Wow, I cannot believe it is already that time of year for Advent. This first week is the week of Hope, hope in what is to come with the Birth of Jesus. But as I think about statement, it is bit of a lie, isn’t it? We are not hoping for what is to come, we live in Hope of what has happened. Jesus was born and lived many years ago, our liturgical season is designed to help us remember and reflect on scripture and Jesus life and ministry.
So, what is Hope? Today, Hope is defined as “a feeling of expectation and desire for a certain thing to happen.” But there is actually an ‘archaic’ definition of Hope, “A Feeling of Trust.” Now, is not the archaic definition more of the Hope we speak of in Church? In my mind, and my faith, we are called not to wait for something to happen, but to be part of the happening. We are called to share the Good News, to change the world for the better by loving our neighbor, by fighting for our neighbor so that they are treated like the creation of God they are. This is a living, breathing faith where we have Hope (Trust) in Jesus message and call for us to follow him. For us, hope should not be a thing of the future, but a thing of the present. Sure, we can hope for a better future, but our hope should also be in that we are doing the work to create that better future now.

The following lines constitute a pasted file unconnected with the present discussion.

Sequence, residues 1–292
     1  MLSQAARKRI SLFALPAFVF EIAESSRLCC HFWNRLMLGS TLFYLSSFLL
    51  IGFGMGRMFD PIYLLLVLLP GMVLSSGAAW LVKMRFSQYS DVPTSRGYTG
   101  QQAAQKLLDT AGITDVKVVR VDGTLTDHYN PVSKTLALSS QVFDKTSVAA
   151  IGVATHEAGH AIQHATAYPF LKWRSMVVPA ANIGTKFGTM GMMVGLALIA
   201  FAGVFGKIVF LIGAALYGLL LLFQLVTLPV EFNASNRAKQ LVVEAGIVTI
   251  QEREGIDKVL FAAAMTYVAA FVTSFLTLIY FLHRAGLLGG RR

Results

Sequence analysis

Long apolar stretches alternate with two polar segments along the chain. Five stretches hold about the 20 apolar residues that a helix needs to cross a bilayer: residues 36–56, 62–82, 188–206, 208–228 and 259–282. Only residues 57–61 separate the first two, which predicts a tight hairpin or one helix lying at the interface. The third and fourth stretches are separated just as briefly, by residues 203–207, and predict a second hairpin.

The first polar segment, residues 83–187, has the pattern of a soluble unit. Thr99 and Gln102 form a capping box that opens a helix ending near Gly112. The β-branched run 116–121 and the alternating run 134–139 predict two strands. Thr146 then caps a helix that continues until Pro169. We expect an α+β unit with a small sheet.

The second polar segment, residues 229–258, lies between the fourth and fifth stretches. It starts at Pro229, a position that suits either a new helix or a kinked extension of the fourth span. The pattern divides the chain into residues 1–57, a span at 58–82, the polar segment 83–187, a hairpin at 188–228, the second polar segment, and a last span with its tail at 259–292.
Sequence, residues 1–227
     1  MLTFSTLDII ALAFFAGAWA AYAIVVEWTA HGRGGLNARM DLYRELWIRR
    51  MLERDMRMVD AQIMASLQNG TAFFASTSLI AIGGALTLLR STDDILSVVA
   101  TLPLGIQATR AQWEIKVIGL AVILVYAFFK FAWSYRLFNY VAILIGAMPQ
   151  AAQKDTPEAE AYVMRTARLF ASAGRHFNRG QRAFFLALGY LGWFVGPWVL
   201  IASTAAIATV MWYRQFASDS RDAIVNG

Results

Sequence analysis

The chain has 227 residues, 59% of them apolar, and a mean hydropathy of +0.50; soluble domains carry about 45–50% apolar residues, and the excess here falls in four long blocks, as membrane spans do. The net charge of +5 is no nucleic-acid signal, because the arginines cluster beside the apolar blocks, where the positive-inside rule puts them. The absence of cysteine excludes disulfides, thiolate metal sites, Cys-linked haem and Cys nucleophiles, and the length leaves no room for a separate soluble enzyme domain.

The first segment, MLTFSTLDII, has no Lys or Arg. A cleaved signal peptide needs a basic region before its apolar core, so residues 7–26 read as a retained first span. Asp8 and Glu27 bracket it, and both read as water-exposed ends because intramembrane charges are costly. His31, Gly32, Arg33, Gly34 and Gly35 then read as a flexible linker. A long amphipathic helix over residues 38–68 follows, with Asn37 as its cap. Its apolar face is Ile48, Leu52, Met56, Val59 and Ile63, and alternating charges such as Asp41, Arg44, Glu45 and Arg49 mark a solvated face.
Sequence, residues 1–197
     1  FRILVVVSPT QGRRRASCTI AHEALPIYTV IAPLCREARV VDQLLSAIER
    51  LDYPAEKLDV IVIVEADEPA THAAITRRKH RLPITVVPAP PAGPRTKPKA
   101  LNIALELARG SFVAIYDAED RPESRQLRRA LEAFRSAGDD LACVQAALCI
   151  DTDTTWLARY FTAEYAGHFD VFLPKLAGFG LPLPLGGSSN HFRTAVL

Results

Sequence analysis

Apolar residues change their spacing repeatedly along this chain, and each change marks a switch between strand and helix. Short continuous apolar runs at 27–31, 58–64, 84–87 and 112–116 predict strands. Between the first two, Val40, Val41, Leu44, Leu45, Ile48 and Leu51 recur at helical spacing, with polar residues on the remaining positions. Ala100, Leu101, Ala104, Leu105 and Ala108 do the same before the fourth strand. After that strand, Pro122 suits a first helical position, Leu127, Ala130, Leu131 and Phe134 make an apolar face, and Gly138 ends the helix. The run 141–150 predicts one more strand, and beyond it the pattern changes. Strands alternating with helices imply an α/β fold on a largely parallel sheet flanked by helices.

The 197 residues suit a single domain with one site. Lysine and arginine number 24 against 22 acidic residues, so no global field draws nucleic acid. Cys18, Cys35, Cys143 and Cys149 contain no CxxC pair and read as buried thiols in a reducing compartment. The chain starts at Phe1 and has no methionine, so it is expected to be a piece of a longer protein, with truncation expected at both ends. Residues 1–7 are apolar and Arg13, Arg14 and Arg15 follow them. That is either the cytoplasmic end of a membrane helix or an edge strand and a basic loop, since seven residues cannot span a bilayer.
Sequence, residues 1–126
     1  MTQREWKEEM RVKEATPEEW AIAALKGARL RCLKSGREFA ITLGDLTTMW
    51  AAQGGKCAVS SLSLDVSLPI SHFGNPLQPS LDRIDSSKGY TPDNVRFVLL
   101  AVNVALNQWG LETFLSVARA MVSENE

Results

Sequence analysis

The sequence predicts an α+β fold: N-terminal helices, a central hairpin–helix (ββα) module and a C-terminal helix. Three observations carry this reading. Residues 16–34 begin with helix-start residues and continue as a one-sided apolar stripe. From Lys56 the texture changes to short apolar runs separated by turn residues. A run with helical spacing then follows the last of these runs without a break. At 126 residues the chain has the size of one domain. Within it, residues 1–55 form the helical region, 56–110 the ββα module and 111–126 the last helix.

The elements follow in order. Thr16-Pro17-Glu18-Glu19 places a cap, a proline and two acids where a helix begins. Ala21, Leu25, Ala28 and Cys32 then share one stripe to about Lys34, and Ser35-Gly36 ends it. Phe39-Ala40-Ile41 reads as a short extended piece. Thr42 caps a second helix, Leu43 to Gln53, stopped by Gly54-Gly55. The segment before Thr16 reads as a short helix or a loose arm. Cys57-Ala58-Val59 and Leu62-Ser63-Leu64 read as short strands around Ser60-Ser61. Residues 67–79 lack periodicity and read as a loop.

It is actually quite funny, I hear people speak of reading the Bible to calm down, which I admit to having a few times where this has happened, but more often the not, when I read scripture and dive deep into it, I get all fired up for doing God and Jesus’ work in this world. I want to let people know that they are loved, I want to yell out against people being harmed in the name of religion, I want to fight against people being treated less than what they are, God’s loving creation.
The unfortunate thing is that Church as an institution has moved away from this, but I see a bright future for faith. I have hope in Jesus, that his message will inspire a new generation, that his Good News is louder than hate speech and I believe that the ever-changing landscape of Church and Ministry will help that. Now, if you think this sounds a little crazy, I want to invite you to reflect on it a bit, perhaps read through scripture (especially the Gospels). How often is the language about changing things? How often is it about caring for others, for fighting for others who are unable to fight for themselves? Reflect on how the Good News speaks to walking with people on their journey, not forcing them on yours, but going with them on theirs.
Well, before I keep ranting, I think I am just going to end it with that idea for reflection and pray that all are well this week and that your Hope in Jesus grows stronger this Advent Season.